Israel braces for September protests

September will probably bring the Israeli-Palestinian conflict to center stage yet again as the Palestinian Authority intends to declare statehood and obtain recognition from the UN. A lot of countries have reportedly said that they will recognize Palestine. According to center-left Israeli paper Haaretz, Israel is preparing for unrest in the West Bank, and two officers say that they simply won’t be able to deal with big nonviolent protests:

“A non-violent protest of 4,000 people or more, even if they only march to a checkpoint or a settlement, and especially if the Palestinian police does not deter them, will be unstoppable,” one IDF officer claims. “Such a great number of determined people cannot be stopped by tear gas and rubber bullets.”

Another high ranking IDF official serving in the territories claimed that “if we are to face protests similar to those in Egypt or Tunisia, we will not be able to do a thing.”

I posted about Palestinian nonviolence here, and Kevin and I are discussing it in the comments.

Hat tip: Sojourners’ God’s Politics blog (I used to like Sojourners more than I do now. I just still get the weekly e-mails.)

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3 thoughts on “Israel braces for September protests

  1. “At the end of the day, the decision is in the hands of the political echelon,” claims another commander, “it is fairly obvious that if there will be no progress on peace talks, the Palestinian police with whom we work very closely to prevent infiltrations will lose their patience.”

    That seems like a significant statement, but what does that mean?

    Even though it is invasion, I wonder what would happen if Israel let them cross? Would they just sit down? Disperse? Return home? Have a picnic?

    The problem, as I think you note elsewhere, is that not all of them are non-violent, and their violence renders the non-violence irrelevant. Indeed, the typical Palestinian strategy is to have the non-violent innocents protect the violent perpetrators. Tacit use for terrorism. But there can be no rocks thrown or fireworks or bombs or assault or property destroyed and still have the protest be considered non-violent, though many portray it otherwise.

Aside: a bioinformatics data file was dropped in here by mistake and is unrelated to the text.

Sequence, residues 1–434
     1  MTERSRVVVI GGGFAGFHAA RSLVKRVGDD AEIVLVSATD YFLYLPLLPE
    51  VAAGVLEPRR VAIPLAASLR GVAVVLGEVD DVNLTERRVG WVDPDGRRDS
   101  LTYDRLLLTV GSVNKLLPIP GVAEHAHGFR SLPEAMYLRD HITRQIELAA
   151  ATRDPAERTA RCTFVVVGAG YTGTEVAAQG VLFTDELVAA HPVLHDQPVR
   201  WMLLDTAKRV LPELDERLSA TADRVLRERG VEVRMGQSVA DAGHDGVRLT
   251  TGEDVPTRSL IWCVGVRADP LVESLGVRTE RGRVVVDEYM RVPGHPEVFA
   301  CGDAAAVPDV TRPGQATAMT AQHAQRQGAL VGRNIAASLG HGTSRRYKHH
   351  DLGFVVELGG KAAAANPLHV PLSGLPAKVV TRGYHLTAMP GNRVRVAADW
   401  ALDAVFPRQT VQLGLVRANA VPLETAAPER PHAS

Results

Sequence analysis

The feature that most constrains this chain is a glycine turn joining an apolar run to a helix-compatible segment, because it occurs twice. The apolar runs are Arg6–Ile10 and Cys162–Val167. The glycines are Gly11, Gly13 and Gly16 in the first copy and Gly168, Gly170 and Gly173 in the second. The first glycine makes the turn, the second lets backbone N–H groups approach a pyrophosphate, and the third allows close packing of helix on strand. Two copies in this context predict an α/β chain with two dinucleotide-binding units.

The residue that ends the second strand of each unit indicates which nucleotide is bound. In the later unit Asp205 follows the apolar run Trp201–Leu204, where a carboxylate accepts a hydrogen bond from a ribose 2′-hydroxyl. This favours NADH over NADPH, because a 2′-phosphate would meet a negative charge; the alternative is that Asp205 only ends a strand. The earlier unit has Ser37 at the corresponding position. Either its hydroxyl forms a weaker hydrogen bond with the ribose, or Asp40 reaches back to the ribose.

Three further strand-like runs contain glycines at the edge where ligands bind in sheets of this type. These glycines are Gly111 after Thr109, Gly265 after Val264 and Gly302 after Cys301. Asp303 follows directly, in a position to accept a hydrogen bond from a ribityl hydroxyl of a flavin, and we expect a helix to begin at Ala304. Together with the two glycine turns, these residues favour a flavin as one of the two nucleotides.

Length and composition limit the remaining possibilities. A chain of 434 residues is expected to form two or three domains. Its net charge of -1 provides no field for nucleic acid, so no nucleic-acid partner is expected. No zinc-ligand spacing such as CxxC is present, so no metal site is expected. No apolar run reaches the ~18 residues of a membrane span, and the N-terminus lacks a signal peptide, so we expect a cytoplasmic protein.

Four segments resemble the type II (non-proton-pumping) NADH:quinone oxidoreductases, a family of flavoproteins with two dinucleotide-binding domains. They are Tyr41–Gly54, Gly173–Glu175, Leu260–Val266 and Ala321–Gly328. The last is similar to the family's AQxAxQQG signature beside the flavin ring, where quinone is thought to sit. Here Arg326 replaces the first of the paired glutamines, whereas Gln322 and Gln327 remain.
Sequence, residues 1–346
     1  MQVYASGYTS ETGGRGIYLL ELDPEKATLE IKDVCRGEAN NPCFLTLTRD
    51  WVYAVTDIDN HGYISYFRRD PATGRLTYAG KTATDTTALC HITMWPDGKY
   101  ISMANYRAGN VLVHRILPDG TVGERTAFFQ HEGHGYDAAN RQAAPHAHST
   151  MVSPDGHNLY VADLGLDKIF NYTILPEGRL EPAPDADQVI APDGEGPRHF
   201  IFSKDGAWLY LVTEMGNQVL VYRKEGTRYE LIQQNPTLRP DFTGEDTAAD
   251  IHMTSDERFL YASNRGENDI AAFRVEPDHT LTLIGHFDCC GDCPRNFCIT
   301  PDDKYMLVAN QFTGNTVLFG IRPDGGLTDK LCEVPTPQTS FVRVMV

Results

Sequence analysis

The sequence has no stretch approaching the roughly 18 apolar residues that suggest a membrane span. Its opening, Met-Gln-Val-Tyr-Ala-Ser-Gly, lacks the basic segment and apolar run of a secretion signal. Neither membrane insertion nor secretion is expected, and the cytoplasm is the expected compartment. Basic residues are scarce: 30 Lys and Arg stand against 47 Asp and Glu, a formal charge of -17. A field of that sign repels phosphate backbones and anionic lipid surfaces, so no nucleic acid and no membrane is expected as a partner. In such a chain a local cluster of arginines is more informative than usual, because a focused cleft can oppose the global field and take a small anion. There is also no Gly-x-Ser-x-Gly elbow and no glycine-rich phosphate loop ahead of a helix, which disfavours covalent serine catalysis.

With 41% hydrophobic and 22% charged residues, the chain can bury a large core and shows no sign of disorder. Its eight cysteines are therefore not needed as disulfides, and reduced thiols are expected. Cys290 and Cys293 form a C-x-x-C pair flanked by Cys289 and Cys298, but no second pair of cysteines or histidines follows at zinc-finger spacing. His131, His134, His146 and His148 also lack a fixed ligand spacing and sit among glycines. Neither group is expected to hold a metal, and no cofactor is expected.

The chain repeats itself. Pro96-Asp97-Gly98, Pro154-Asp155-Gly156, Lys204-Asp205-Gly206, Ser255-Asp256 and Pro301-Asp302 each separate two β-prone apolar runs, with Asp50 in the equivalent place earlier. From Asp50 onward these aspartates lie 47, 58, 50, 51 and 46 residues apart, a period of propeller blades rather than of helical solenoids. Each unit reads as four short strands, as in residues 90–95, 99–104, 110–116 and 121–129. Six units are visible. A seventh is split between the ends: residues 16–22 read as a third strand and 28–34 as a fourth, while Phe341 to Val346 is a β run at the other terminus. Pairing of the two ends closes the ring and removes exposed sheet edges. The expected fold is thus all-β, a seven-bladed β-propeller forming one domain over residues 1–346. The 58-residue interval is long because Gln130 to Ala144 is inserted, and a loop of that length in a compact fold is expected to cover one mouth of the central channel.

Non-violence requires great cohesion and commitment to pacifism which Palestinians historically lack. Nevertheless, I’d like to see it. 🙂

  2. I’d like to see it, too.

    Could you give some examples of the the first sentence and clarify the second sentence in this quote”

    “Indeed, the typical Palestinian strategy is to have the non-violent innocents protect the violent perpetrators. Tacit use for terrorism. But there can be no rocks thrown or fireworks or bombs or assault or property destroyed and still have the protest be considered non-violent, though many portray it otherwise.”

  3. Google has examples of Palestinian terrorists using civilians as human shields both for themselves and their caches of weapons (in civilian homes, schools, mosques). The problem is how to classify and deal with people who are not themselves violent but who willfully protect those who are. It is somewhat akin to being an accessory to a crime or harboring a fugitive. If only they’d wear a sign saying whether they are innocent or not.

    My last sentence that you quote points to the characterization of the protests as non-violent but from other reports it sounds like they are not uniformly non-violent. If pacifists are intermingled with stone throwers, it’s not non-violent. Likewise, if some protests are contaminated with opportunists who plant bombs and destroy property, how can Israel trust the other protests? Uniformity in pacifism is essential to its effectiveness.

    The flotillas into Gaza also seems like an example of using pacifism with ulterior motives.

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